Welcome back to The Poppy War Reread, this week we are diving into chapter3.
Reminder that these posts will contain spoilers for the ENTIRE book. If you haven’t finished reading The Poppy War yet, feel free to check back when you are done.
Content Warnings for Chapter 3: allusion to drug use and drug addiction, allusion to genocide.
Rin and Nezha are the last to arrive to the main hall, thanks to their scuffle at the end of the last chapter. I love that the older students are being loud and brash on purpose to set the new recruits on edge, reminds me of my good old days in high school.
Jima Lain, the grand master of Sinegard Academy, arrives with her contingent of teachers and she is a smol. One of those ‘looks like cinnamon roll but could actually kill you’ situation. I need to classify all of the characters into their specific meme categories later, for science.
The man to Jima’s left wore no belt at all… he dressed as if he’d forgotten orientation was happening and had thrown on a formless brown cloak at the last minute.
Rin immediately notices Jiang, because he clearly gives no fucks about the orientation and arrived in a sleeping robe. Rin can’t tell how old he is despite his white hair, although I have it on very good authority that Jiang Ziya is hot. You’re welcome.
Jiang’s character is also based off a historical and folklore figure, Jiang Ziya. He was Su Daji’s nemesis and the protagonist of Fengshen Yanyi. That’s two of three of the Trifecta having direct correlation to mythology – which makes me wonder who The Warrior was and what happened to him. It also has me incredibly curious about Jiang and The Empress’s relationship.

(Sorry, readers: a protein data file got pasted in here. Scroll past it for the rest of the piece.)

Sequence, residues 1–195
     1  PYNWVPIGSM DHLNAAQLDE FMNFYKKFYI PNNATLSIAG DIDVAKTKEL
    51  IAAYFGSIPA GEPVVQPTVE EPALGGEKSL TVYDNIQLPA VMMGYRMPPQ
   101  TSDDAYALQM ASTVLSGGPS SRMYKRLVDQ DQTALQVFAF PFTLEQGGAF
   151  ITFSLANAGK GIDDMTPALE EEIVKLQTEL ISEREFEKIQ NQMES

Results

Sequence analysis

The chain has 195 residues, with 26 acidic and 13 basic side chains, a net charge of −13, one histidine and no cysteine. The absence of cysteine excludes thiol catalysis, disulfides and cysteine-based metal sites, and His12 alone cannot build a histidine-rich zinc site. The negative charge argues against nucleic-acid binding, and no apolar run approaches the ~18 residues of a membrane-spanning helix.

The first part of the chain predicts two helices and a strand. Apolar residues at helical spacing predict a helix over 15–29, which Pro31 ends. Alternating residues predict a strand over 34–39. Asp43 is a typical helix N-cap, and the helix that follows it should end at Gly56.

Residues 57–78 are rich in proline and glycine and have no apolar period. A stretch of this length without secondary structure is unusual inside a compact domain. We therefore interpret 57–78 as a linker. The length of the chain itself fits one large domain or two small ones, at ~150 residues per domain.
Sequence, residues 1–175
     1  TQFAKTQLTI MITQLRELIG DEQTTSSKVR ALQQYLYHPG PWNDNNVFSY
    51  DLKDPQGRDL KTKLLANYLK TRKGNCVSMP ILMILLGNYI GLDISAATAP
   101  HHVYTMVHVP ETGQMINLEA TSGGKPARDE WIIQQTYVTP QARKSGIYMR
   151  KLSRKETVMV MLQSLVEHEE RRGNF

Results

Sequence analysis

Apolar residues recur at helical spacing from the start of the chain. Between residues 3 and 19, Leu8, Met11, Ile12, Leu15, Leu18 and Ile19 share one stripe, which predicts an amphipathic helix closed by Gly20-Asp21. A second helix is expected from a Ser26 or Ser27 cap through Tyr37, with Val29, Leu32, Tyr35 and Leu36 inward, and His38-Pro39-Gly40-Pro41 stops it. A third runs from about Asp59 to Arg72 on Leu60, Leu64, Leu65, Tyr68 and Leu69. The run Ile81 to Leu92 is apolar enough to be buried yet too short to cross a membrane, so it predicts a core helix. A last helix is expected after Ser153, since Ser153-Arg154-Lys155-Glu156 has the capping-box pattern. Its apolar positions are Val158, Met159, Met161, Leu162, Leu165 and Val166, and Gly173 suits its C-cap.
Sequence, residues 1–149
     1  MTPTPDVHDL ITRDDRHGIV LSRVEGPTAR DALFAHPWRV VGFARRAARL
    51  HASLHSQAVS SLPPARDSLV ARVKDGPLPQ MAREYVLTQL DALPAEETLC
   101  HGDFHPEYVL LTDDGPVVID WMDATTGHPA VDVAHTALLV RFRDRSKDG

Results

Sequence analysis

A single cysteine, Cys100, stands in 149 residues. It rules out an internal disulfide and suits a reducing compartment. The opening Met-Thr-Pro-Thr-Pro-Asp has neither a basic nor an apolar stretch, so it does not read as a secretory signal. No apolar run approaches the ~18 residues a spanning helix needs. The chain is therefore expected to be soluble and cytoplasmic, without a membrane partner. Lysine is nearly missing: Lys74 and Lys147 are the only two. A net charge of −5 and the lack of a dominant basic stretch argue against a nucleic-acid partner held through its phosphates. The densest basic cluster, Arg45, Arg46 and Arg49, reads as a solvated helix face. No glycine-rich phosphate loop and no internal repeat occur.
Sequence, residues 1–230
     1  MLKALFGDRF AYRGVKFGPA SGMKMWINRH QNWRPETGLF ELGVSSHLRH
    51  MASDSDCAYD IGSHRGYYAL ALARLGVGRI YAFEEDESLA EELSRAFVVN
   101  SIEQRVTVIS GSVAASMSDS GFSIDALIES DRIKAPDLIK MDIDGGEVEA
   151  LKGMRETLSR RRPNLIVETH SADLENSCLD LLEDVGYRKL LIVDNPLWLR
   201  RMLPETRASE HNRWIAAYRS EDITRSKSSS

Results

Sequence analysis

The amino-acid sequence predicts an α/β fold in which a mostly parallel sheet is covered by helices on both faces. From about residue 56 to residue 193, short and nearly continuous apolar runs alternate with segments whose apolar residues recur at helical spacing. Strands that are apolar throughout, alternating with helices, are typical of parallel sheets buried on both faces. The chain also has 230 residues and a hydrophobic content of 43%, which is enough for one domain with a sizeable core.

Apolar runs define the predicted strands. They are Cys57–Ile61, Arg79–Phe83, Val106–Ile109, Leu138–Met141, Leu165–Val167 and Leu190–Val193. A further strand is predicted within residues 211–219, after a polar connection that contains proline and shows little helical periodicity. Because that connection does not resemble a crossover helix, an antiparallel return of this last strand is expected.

There are less than fifty students in the Academy, and Jima promises that more than a fifth of them will be gone by the next year. They’re not interested in soldiers, they want to train generals and commanders of armies. I bet this thinking changed in a hurry when The Federation arrived and killed pretty much everyone.
Jima lists out the subjects taught in the Academy: Strategy, History, Weaponry, Linguistics, and Medicine – conveniently leaving out Lore until Jiang speaks up. I am curious how Jiang came to be appointed the Master of Lore, does The Empress have a hand in keeping him employed? I know people compared Jiang to Elodin (from The Name of the Wind) pretty much right off the bat – but I will ask you not to slander Jiang like this on my blog. Jiang did way more for Rin than Elodin ever did for Kvothe.
“Lastly, I will give a warning. I do not tolerate drugs on this campus.
Finally, Jima warns the first year that Sinegard Academy has a strict no-drugs policy on campus. Like the ‘no students may enter the Forbidden Forest’ rule in Harry Potter, we will see a blatant disregard for school guidelines at the hands of a teacher. Jiang is pretty much Hagrid, except instead of fostering dangerous magical creatures he cultivates an illegal drug farm in the country’s most highly regarded institution.
Sweet Raban takes the first years through the campus, I am still upset at his death and how sad it made Niang.
“Three girls in one year is actually a record high. The masters were shocked.”
Three girls in a class of fifty, and Rin is barely friends with the other two thanks to social divide. I love ladies banding together, and I am sad to see it didn’t happen here. Rin’s roomies are Niang and Venka. Venka, who comes from the affluent Dragon Province, immediately sneers at Rin’s southern background and darker skin. I can’t even muster up the energy to be annoyed at her, because every time I see Venka now I just want to cry, courtesy of chapter 21.